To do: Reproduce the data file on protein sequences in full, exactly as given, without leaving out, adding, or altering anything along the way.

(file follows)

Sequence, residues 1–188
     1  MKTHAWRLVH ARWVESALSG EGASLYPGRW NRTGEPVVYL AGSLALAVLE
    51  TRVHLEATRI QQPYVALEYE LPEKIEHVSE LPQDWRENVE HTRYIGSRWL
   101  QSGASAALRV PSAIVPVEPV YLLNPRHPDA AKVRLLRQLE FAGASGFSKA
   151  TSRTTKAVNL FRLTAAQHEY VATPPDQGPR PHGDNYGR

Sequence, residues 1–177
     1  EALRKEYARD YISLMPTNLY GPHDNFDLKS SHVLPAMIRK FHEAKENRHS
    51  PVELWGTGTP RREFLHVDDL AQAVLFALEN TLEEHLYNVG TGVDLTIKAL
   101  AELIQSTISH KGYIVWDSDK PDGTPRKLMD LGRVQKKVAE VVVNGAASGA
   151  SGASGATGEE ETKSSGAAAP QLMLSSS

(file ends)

Sequence, residues 1–188
     1  MKTHAWRLVH ARWVESALSG EGASLYPGRW NRTGEPVVYL AGSLALAVLE
    51  TRVHLEATRI QQPYVALEYE LPEKIEHVSE LPQDWRENVE HTRYIGSRWL
   101  QSGASAALRV PSAIVPVEPV YLLNPRHPDA AKVRLLRQLE FAGASGFSKA
   151  TSRTTKAVNL FRLTAAQHEY VATPPDQGPR PHGDNYGR

Sequence, residues 1–177
     1  EALRKEYARD YISLMPTNLY GPHDNFDLKS SHVLPAMIRK FHEAKENRHS
    51  PVELWGTGTP RREFLHVDDL AQAVLFALEN TLEEHLYNVG TGVDLTIKAL
   101  AELIQSTISH KGYIVWDSDK PDGTPRKLMD LGRVQKKVAE VVVNGAASGA
   151  SGASGATGEE ETKSSGAAAP QLMLSSS